Altar of Oblivion – The Seven Spirits (Shadow Kingdom Records)Wednesday, 24th April 2019
Danish metal may not per capita be as prevalent as activity from Sweden or Finland – but you can’t deny the impact of artists like Mercyful Fate and Volbeat on a popularity or influential standpoint. Together since 2005, Altar of Oblivion are another Denmark quintet producing a fusion of 80’s heavy metal and epic doom on their latest effort The Seven Spirits. They’ve released a demo, two full-lengths and two EP’s – signing with Shadow Kingdom after the release of said demo, establishing a comfortable presence in the scene. As these seven songs shatter your headspace, it’s clear that their sound, tones, and execution certainly portray and older philosophy – conveying a heaviness of feeling that the best epic/doom acts treasure while injecting metal and a touch of gothic nuance to the mix.
The first aspect that allows Altar of Oblivion to stand out against the hordes are the unique melodies emanating from vocalist Mik Mentor. His voice has this morose, slightly gothic strain while still bleeding for the metal cause – aspects of Robert Smith (The Cure), Ozzy Osbourne, and even Messiah Marcolin come to mind when taking in his efforts for “Created in the Fires of Holiness” and the title track. Musically the twin guitars, keyboards, bass, and drums provide the looming darkness in a beautiful juxtaposition – notes that ring out in a peppy manner when delving into a metal shuffle for “Language of the Dead” or conveying that low end doom chug that causes hairs to stand on edge a la Candlemass or Solitude Aeturnus for “Gathering at the Wake”. Spacious, sparse instrumental setups build anticipation for the next movement, where the ears perk up at lead breaks or keyboard infusion – ensuring a seven-minute plus epic like “Solemn Messiah” never stagnates, the twin harmonies golden for Mercyful Fate and 70’s Judas Priest mavens.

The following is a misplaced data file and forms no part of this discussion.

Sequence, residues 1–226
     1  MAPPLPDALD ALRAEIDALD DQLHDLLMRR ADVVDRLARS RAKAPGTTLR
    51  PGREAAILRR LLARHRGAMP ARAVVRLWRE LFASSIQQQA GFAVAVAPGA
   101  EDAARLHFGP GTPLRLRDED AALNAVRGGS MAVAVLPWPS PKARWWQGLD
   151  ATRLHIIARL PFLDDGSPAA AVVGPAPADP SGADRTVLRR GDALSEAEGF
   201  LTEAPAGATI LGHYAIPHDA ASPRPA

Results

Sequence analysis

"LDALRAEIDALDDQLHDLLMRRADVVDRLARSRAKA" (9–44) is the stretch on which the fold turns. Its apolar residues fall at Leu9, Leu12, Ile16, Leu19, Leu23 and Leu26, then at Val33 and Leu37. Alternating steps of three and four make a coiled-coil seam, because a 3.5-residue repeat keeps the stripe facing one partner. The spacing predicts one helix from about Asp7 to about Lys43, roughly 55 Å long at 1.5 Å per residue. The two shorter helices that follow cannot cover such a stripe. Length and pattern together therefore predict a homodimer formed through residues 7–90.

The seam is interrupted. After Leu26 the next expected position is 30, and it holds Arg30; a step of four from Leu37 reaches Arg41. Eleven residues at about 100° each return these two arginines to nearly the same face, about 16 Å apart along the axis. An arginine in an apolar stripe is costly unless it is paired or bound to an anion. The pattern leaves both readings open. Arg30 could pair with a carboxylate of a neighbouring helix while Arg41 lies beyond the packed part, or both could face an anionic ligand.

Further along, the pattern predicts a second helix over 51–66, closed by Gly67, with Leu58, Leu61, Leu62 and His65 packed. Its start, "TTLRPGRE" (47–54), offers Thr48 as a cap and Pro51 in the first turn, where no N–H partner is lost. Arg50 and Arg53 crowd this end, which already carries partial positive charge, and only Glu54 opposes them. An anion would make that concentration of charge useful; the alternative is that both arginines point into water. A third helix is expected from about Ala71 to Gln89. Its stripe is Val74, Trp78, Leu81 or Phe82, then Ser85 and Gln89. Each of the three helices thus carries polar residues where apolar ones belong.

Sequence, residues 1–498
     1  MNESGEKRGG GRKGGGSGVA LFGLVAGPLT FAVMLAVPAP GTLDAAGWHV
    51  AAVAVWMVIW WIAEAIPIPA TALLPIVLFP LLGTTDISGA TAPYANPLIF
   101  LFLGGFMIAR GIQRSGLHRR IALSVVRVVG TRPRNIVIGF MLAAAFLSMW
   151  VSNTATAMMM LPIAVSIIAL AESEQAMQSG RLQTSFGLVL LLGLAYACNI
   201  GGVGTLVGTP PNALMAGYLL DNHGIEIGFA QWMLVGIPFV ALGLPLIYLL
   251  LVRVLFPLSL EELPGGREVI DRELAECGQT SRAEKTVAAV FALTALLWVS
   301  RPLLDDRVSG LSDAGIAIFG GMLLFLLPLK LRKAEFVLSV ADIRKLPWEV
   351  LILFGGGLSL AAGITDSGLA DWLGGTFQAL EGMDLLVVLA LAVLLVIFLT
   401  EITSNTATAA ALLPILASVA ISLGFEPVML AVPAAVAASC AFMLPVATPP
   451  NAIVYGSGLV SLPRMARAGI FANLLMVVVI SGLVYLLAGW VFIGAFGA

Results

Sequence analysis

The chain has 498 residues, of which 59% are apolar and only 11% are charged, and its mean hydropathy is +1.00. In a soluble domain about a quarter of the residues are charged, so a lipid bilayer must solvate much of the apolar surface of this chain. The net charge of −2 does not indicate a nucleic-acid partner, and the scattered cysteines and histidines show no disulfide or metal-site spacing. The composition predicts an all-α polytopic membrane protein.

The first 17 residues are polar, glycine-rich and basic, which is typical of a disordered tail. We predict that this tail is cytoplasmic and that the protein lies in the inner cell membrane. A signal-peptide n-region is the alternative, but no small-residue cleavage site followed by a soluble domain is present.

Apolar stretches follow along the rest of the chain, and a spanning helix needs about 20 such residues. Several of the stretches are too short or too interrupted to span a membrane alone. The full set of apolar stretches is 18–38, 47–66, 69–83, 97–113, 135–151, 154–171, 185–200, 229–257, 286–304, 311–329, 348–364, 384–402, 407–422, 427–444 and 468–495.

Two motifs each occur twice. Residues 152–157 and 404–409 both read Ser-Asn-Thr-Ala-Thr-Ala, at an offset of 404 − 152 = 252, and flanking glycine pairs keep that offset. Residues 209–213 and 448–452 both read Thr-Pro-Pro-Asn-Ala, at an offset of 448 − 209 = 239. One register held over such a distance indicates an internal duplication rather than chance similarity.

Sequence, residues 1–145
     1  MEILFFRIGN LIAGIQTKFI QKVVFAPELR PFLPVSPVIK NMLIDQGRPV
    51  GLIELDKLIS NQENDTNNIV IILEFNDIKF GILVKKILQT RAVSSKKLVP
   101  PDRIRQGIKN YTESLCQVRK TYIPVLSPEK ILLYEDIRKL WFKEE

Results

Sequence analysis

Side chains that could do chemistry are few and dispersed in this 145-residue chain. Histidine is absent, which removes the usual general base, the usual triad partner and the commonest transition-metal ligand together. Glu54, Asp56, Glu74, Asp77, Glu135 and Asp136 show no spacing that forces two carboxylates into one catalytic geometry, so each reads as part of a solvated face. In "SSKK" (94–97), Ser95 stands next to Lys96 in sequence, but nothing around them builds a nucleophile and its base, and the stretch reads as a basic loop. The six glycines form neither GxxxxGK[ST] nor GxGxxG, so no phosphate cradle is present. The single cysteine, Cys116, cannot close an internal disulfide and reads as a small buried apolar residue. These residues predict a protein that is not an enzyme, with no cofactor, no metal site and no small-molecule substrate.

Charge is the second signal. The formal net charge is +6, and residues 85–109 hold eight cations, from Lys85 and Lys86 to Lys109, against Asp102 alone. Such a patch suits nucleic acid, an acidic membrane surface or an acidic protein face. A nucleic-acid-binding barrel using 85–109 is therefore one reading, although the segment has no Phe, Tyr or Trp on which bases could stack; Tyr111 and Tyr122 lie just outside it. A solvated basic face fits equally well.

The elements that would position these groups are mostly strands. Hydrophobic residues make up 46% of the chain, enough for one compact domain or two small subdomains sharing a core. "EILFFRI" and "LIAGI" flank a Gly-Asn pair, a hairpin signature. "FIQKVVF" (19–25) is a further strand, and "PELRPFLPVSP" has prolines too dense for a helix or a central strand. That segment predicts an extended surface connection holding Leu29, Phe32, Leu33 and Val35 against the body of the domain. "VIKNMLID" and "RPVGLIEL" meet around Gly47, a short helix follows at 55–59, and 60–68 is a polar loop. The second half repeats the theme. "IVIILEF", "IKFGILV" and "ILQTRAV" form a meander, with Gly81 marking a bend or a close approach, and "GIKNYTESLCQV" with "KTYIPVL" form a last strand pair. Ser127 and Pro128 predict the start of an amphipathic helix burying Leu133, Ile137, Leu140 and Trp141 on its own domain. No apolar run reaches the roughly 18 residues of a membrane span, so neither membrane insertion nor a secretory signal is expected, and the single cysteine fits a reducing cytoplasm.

Epic doom/heavy metal when done well transports the listener on another plane, almost a life-altering, out of body experience. The Seven Spirits achieves that goal, and even if the band remains more of a cult-classic versus gaining the respect of the bigger bands of this genre, that’s probably a perfect audience to cultivate.